This week, I present one of the battle themes from last year’s indie hit FTL (my coverage here). It’s a catchy and cheerful song, which may just help counterbalance how sadistic the rest of the game can be! Enjoy.
2013 has dawned, and it’s time to review the best of last year’s games (that I played). This year I’ve opted to break from the traditional “best RPG”, “best strategy”, etc format normally used in Game of the Year rankings. For one, it papers over the vast differences that exist within any genre: Dark Souls is not Skyrim is not Mass Effect. For another, there are sometimes multiple standout games within the same genre. So instead, I’ve opted to recognise games for their special achievements. Here are 2012’s exemplars:
The best way I can describe FTL: Faster than Light, the new indie title from Subset Games, is to say it lives up to the very simple promise on its Kickstarter page (emphasis mine):
FTL is a spaceship simulation roguelike-like. Its aim is to recreate the atmosphere of running a spaceship exploring the galaxy.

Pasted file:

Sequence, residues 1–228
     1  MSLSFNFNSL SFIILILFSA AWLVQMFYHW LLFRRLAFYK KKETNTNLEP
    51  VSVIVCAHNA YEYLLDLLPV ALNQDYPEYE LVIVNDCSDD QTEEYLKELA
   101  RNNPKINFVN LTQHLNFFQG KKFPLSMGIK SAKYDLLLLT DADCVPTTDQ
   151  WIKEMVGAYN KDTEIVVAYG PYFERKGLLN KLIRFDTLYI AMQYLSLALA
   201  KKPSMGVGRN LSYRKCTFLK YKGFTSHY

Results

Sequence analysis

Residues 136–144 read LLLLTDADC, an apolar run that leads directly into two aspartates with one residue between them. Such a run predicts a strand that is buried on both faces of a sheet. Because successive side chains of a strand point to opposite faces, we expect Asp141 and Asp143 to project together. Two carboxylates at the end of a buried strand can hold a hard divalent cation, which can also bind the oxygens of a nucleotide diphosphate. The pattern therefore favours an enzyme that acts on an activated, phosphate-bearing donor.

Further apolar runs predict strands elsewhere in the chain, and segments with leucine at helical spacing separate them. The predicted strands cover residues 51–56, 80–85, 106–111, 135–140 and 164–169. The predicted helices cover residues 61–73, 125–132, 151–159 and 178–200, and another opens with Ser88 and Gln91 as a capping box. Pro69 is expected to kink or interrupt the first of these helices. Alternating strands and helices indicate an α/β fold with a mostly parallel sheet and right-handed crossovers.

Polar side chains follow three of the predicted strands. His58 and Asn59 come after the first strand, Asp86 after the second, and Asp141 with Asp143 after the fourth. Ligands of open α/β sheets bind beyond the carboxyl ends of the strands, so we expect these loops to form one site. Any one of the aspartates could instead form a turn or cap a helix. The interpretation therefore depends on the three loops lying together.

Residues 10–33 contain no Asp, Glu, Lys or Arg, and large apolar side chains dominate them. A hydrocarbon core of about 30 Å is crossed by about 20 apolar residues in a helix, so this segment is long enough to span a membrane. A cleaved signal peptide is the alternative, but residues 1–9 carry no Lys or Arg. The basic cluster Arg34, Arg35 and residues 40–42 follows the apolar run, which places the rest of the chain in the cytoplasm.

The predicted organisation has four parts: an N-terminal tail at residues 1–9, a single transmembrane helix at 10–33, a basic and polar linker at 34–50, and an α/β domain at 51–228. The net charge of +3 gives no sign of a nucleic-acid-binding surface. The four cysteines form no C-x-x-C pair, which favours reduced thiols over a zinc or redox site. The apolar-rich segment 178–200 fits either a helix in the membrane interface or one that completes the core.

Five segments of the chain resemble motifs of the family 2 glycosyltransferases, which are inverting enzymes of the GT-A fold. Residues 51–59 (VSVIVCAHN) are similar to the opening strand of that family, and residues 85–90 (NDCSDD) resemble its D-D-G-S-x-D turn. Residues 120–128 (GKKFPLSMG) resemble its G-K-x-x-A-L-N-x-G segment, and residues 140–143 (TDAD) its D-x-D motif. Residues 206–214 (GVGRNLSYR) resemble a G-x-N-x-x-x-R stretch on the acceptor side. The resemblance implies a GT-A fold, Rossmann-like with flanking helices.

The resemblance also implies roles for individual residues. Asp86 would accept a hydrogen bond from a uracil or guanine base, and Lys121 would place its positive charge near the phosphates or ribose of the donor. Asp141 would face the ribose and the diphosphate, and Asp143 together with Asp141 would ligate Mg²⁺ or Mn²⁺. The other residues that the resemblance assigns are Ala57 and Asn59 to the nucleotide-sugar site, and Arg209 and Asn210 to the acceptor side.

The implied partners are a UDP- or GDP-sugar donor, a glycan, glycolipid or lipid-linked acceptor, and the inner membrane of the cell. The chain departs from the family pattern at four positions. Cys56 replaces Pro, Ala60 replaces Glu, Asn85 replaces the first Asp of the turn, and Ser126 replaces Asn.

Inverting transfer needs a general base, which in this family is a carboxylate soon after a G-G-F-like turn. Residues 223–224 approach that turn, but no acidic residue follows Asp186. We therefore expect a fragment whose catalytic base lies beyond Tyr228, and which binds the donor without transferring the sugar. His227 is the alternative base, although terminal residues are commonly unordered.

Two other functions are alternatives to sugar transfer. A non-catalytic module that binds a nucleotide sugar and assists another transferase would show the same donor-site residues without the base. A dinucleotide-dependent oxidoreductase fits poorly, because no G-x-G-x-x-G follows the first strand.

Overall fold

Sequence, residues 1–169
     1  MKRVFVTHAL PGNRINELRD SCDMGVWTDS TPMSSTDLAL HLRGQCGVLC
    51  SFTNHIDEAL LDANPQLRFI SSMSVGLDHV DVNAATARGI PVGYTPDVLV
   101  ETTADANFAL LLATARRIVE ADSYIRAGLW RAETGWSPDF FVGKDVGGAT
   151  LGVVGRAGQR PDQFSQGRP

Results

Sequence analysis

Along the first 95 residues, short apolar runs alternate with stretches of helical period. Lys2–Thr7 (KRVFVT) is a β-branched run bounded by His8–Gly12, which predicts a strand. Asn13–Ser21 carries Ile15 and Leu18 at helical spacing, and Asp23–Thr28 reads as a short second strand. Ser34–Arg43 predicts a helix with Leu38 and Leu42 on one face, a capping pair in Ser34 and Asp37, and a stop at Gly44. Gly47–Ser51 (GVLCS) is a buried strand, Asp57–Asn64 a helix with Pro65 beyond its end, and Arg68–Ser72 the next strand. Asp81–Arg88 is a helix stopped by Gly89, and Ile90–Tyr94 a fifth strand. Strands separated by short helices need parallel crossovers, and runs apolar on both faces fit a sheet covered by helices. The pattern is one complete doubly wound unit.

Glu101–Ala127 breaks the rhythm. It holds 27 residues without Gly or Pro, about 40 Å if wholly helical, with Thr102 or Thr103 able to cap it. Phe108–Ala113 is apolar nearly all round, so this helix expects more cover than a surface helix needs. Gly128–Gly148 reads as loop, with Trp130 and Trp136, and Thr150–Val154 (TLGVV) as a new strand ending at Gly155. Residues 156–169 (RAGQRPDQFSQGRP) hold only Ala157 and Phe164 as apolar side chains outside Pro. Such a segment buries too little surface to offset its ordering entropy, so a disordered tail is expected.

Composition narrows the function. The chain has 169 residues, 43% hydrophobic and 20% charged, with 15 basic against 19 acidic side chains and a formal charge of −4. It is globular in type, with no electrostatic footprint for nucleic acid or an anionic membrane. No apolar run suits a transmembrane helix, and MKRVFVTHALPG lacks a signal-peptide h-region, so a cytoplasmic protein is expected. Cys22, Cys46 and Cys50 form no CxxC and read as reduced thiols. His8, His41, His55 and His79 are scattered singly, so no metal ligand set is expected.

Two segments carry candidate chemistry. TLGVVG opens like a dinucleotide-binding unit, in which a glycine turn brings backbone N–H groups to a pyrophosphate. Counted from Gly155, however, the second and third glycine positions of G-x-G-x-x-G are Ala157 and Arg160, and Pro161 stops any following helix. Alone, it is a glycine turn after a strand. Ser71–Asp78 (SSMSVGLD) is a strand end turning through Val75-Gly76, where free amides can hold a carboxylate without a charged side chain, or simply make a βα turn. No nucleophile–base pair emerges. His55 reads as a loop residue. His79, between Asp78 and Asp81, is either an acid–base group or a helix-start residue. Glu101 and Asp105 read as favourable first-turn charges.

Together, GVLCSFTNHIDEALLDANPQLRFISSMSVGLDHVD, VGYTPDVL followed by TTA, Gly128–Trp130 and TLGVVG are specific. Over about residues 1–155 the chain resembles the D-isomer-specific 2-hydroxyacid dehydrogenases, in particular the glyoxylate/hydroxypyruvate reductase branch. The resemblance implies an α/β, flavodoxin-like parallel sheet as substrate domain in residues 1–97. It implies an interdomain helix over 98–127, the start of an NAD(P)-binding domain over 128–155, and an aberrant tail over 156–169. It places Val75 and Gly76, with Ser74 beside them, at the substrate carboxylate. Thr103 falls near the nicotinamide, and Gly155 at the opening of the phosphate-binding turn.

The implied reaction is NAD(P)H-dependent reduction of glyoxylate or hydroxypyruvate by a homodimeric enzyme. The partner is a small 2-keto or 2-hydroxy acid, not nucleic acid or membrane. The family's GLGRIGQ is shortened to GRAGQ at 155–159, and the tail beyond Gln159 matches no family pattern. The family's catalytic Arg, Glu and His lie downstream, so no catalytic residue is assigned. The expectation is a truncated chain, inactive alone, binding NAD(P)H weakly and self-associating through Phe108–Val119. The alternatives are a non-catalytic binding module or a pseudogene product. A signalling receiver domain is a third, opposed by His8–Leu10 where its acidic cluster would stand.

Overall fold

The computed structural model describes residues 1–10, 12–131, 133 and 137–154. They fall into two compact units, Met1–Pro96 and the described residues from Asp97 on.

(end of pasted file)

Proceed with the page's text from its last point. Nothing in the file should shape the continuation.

To get a sense of how the typical game of FTL plays out, I refer you to my Let’s Play series – linked at the top of this post. In summary, players start at one end of the galaxy, progress through seven increasingly dangerous sectors, and finally take on the final boss at the end of sector eight. Each sector comprises a randomised mix of encounters – shops, text-based, multiple-choice quests (think King Arthur: The Roleplaying Wargame, or maybe a much simpler Space Rangers 2), hazards such as asteroid fields, and most of all, hostile spaceships. Combat is a frenetic homage to movie and TV space battles, as you juggle power between shields and engines and weapons, order your crew to fix hull breaches and extinguish fires, target enemy subsystems, and oh god Mr Chekov will you knock out their missiles before they kill us all?! (Since the game only gives you one save slot, you cannot reload if you die unless you back up your save file, aka “savescumming”.) Afterwards, you use scrap from your enemies’ hulls to upgrade your ship and buy fuel and repairs. Ultimately, you escape to the next sector one step ahead of your foes, and begin the process again. The typical game takes about an hour or two to play, and for most of that time – specifically, for sectors one through seven – it is a delightful roller-coaster of excitement and panic and elation.